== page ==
"Mindfulness practice means that we commit fully in each moment to be present; inviting ourselves to interface with this moment in full awareness, with the intention to embody as best we can an orientation of calmness, mindfulness, and equanimity right here and right now.”

― Jon Kabat-Zinn, Wherever You Go, There You Are: Mindfulness Meditation in Everyday Life


Meditation or contemplative practices have always been a part of human endeavor.  There is a renaissance of sorts in contemporary life of these reflective skills appearing in many spheres: medicine, the military, corporate America, the Arts, and professional sports to name a few.  The side effects, also known as "emergent properties" of meditation, are an enhancement in performance, resilience to stress, decrease in error or adverse events, improvement in medical symptoms and treatment outcomes, less existential anxiety and dysphoria and a more positive orientation toward the ups and downs of life.  Mindfulness meditation has arisen as a simple, learnable system of cultivation of a contemplative, reflective way of life. There is also an early suggestive body of scientific evidence directly pertaining to the acquisition of mindfulness, supporting that the above statements are accurate.  Please note the careful choice of the word "early". This scientific effort is just beginning and is not a done deal no matter what you read.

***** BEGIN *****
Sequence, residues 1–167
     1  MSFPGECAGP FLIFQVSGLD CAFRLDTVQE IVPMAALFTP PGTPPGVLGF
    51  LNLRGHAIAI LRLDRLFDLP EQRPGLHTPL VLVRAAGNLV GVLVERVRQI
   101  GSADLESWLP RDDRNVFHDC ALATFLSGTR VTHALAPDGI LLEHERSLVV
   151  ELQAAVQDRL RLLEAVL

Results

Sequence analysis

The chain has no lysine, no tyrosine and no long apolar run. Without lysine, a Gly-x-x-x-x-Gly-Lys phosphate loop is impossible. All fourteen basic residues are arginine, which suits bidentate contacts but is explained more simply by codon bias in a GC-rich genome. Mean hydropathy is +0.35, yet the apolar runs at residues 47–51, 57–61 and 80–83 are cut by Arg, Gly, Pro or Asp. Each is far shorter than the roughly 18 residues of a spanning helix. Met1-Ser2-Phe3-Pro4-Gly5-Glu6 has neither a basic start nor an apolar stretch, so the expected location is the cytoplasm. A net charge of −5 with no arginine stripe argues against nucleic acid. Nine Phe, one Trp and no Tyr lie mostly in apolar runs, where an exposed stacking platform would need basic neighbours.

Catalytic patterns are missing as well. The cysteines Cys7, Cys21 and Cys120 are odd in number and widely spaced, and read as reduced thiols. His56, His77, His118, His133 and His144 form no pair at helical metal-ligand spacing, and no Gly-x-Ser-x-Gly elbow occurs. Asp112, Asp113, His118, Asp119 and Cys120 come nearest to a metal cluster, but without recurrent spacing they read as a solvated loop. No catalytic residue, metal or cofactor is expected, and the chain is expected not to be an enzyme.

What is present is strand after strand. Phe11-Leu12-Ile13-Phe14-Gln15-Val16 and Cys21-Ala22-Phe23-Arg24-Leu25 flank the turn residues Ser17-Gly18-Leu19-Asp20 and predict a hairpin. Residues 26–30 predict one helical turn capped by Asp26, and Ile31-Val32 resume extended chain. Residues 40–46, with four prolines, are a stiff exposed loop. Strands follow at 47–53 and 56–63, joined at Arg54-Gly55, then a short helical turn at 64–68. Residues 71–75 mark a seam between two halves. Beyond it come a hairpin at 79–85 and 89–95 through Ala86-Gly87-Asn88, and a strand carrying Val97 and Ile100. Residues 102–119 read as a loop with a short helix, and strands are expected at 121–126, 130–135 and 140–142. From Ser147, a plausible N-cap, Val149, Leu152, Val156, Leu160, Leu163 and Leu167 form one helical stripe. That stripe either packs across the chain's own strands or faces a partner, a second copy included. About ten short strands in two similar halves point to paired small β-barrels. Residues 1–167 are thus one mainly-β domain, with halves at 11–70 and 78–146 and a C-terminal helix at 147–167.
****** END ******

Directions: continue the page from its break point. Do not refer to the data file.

Mindfulness is a non-conceptual experience it is not about thoughts or thinking. It watches thoughts and thinking.  Thus, learning it does not lend itself to an intellectual approach.  It is best learned in groups with an experienced teacher and success is dependent on personal practice.  Learning mindfulness is very very simple, the positive effects however are dose related and require a certain effort over time very similar to exercising, learning a musical instrument or another language, although not nearly as difficult as these examples.


Rich panico

Rich Panico is a physician, an artist and has been meditating and practicing classical Yoga for about 45 years.  He is the founder of the Athens Regional Mindbody Institute and is currently practicing mindfulness based psychotherapy at the Athens Associates for Counseling and Psychotherapy.  He began teaching mindfulness woven into an oriental approach to pottery making in the late 70's and has been teaching mindfulness formally since 1997.

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